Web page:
Thursday, February 15, 2007

Mumbai Metro - oh no, not again

11kms. It’s not much really. It’s roughly the distance between Nariman Point and Prabhadevi or Churchgate to Lower Parel. Or Versova to Ghatkopar via Andheri (lets call it VAG) – the distance of the first leg of the Mumbai Metro.

Rs650crores. That’s a lot of money. Depends on your point of view though. For example the BMC has an annual budget of about Rs7,000crore to maintain the city. For example the Bandra Worli Sea Link is estimated to cost Rs1,306cr. For example, the entire Mumbai Metro project will cost – at least in today’s times – Rs20,000crores. Lots of zeroes there.

But I digress.

A question of viability
How much is Rs650crores ? A lot of money. It’s what will make construction of the VAG leg profitable for Reliance Energy, the contractors of the project.

If you recall, the VAG leg of the Mumbai Metro Project is a partnership between the Maharashtra State Government (as represented by the MMRDA) and Reliance Energy (REL). It's an example of a public-private partnership. It's also seen as the way forward in India for large (any?) infrastructure projects where the State is constrained to invest a large amount…because the State is most likely steeped in debt and pretty much flat broke.

However, for the private partner it makes sense. Besides making sense, the project should also make money. Profits. You know, the concept of returns, enterprise and such like. Nothing wrong with that.

So far so good ? But here’s the problem for the Mumbai Metro. Until Rs650crores is funded into the project by someone, the project will not be financially viable for REL. While the State Government feels the Central Government should foot the bill, the Central Government thinks otherwise.

The Central Government argues: The Mumbai Metro bidding had been completed before the setting up of the Centre’s Private-Public Action Committee. So, how can the Government approve its funding, if its committee was not in existence at the time of the bidding. Dicey logic ? There’s more.

The cost. At a whopping Rs215crore/km (simply Rs2,356crores divided by 11kms), VAG is almost twice as costly as the Delhi Metro (Rs120crore/km). Of course, the VAG leg will also be overhead (and not underground), but, I’m not an engineer or a consultant to figure the costing nuances between the two. This, it seems, is too expensive for the Central Government.

The State Government’s case: The Prime Minister gave his word when he laid the foundation stone of the Metro last year. Its time for him to live up to his word. Moreover, if the Centre can foot the bill for the Delhi and Kolkata Metro, why not Mumbai ?

And that's where this is at. This is where the Mumbai Metro is currently stalled.

Now, consider the timeline if you may -

1967-68: A Govt. of Maharashtra study on notes the possibility of a new rapid transit system such as underground rail

1973 (Regional Plan): Cautions against capital intensive projects like the Metro, suggesting instead decongesting South Mumbai, moving economic activities to Bandra Kurla, Navi Mumbai, etc.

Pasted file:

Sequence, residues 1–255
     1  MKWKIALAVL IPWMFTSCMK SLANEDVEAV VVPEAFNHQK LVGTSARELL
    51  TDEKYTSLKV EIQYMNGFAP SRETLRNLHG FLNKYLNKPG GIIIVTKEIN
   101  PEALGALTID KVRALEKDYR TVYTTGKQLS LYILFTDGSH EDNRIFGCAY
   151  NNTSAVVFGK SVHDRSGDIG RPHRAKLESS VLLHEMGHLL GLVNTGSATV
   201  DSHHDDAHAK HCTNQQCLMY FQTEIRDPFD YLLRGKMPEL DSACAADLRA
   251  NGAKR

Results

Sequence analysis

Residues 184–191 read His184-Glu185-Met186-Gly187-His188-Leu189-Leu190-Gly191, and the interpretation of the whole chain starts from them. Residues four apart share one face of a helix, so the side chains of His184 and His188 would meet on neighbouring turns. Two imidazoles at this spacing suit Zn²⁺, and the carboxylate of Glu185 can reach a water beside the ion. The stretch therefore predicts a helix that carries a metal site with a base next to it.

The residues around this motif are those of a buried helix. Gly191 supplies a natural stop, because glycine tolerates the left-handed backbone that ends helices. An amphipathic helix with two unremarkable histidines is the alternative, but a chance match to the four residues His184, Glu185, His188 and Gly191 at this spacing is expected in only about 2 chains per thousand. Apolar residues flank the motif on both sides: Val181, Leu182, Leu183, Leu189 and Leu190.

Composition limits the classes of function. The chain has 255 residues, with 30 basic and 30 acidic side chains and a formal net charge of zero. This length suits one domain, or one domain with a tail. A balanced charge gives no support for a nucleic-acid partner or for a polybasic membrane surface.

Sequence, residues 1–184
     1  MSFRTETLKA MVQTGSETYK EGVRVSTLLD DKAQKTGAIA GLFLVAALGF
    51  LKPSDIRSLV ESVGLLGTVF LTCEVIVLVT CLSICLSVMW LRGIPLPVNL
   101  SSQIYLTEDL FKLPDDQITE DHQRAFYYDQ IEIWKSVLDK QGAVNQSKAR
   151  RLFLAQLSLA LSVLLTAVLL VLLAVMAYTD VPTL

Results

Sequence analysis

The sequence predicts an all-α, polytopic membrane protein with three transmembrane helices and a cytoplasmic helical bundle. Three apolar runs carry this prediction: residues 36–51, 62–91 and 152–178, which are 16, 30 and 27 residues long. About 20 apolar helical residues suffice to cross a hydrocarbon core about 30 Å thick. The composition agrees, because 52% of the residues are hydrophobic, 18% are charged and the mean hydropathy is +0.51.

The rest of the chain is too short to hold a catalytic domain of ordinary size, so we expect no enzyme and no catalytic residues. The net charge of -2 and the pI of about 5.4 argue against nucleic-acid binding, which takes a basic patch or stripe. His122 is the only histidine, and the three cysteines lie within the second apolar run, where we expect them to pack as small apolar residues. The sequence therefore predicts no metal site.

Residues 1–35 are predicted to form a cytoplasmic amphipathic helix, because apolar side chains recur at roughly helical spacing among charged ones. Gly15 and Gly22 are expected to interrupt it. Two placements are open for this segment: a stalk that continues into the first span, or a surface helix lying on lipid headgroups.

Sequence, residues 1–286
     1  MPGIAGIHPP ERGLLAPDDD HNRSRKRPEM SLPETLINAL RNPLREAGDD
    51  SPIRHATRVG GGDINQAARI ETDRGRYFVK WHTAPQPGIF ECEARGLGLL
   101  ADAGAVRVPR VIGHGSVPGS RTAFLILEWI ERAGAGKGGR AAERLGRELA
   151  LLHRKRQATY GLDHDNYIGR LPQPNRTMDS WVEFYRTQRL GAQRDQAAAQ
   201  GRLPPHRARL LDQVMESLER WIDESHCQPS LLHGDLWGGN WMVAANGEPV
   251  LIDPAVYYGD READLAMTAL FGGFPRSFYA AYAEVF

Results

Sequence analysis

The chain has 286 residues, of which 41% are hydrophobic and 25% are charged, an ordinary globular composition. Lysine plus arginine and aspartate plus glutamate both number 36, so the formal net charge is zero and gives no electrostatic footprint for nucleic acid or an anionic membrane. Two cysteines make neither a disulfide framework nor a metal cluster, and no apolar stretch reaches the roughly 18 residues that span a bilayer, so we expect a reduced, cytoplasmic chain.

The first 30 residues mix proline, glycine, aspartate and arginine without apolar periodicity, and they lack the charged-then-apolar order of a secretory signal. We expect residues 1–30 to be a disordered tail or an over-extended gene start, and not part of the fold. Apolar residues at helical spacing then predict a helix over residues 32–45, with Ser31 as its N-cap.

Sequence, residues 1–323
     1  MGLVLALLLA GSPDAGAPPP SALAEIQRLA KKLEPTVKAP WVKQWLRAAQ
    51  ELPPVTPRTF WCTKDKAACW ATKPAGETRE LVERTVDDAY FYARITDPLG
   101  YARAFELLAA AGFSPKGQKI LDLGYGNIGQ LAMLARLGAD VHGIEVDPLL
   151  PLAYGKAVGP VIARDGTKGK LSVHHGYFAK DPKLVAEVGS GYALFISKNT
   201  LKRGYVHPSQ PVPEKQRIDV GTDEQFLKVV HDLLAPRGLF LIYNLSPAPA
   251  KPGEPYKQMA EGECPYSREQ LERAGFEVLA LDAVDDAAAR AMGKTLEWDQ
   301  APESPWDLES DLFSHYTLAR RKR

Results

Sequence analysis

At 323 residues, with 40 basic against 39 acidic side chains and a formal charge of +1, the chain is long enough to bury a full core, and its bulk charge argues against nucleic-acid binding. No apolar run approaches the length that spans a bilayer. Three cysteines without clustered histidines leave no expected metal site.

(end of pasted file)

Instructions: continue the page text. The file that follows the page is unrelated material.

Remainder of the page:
1974: Indian Railways comes up with a plan for a Colaba-Kurla underground rail, which is shelved because its too expensive

1997: Tata Consultancy Services prepares a feasibility study on the Metro

1999: Chief Minister Narayan Rane assures a Mumbai Metro Planning Group that the project is "under consideration by the Cabinet sub-committee"

2004: MMRDA presents a master plan to Chief Minister Sushilkumar Shinde

2005: Delhi Metro Chairman Mr. E. Sreedharan presents Phase 1 of the project to Chief Minister Vilasrao Deshmukh, who approves it.

Jan-March 2006: Maharashtra Cabinet finally approves VAG, financial bids are called for.

May 2006: Disagreement between Reliance Energy - then the lowest potential bidder - and MMRDA over viability gap funding. While REL cites a number of Rs1,251crores, the MMRDA wants a number of Rs650crores. MMRDA wins and REL are awarded the contract.

June 2006: The Prime Minister lays the foundation stone for the Mumbai Metro

October 2006: First signs of problems between the Central and State Government.

February 2007: Present day. No resolution.

Getting nowhere in a hurry
Think about that. That's all the development that this State Government, or for that matter, the Central Government has been able to achieve. Leave alone construction of the Metro, leave alone the thorny issue of relief and rehabilitation of the people whose houses and offices will have to be removed for this project, leave alone the controversies surrounding of why such a project was chosen instead of cheaper projects like the Skybus, BRTS, upgrading the existing rail network...leave all of those past, present and future issues, all of it alone.

The fact of the matter is that we've gotten nowhere. Mumbai has gotten nowhere closer to the Metro. Think about it. 40 years - 1967 to 2007. And the politicians, planners, even us as people, have moved nowhere on the Mumbai Metro.

Frustrating ? Of course it is. It only goes to yet again underscore the fact that development and infrastructure will always be one part politics and no part necessity. And the kind of resolve, political will and sheer focus required to improve life in this city is sadly missing in the leaders we've chosen.

[Note: this is part of an ongoing series on this blog on the Mumbai Metro. For other posts on this issue, click on this label here.]